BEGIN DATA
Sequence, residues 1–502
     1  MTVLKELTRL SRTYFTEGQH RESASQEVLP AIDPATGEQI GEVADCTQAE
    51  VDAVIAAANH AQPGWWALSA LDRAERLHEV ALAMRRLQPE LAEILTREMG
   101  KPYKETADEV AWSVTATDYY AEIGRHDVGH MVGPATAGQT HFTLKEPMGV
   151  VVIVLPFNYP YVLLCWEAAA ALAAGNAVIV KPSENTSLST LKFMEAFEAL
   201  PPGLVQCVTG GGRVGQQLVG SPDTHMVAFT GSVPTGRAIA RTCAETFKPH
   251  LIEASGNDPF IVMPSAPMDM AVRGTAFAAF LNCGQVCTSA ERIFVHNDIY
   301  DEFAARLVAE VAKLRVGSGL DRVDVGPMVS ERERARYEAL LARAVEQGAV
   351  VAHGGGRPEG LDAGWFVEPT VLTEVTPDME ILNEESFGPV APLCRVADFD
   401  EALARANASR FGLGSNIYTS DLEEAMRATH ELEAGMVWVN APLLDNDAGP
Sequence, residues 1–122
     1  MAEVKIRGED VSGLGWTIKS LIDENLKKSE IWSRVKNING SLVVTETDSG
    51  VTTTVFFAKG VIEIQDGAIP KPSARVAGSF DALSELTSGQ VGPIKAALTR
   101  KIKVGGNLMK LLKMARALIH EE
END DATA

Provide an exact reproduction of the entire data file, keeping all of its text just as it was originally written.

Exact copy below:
Sequence, residues 1–502
     1  MTVLKELTRL SRTYFTEGQH RESASQEVLP AIDPATGEQI GEVADCTQAE
    51  VDAVIAAANH AQPGWWALSA LDRAERLHEV ALAMRRLQPE LAEILTREMG
   101  KPYKETADEV AWSVTATDYY AEIGRHDVGH MVGPATAGQT HFTLKEPMGV
   151  VVIVLPFNYP YVLLCWEAAA ALAAGNAVIV KPSENTSLST LKFMEAFEAL
   201  PPGLVQCVTG GGRVGQQLVG SPDTHMVAFT GSVPTGRAIA RTCAETFKPH
   251  LIEASGNDPF IVMPSAPMDM AVRGTAFAAF LNCGQVCTSA ERIFVHNDIY
   301  DEFAARLVAE VAKLRVGSGL DRVDVGPMVS ERERARYEAL LARAVEQGAV
   351  VAHGGGRPEG LDAGWFVEPT VLTEVTPDME ILNEESFGPV APLCRVADFD
   401  EALARANASR FGLGSNIYTS DLEEAMRATH ELEAGMVWVN APLLDNDAGP
Sequence, residues 1–122
     1  MAEVKIRGED VSGLGWTIKS LIDENLKKSE IWSRVKNING SLVVTETDSG
    51  VTTTVFFAKG VIEIQDGAIP KPSARVAGSF DALSELTSGQ VGPIKAALTR
   101  KIKVGGNLMK LLKMARALIH EE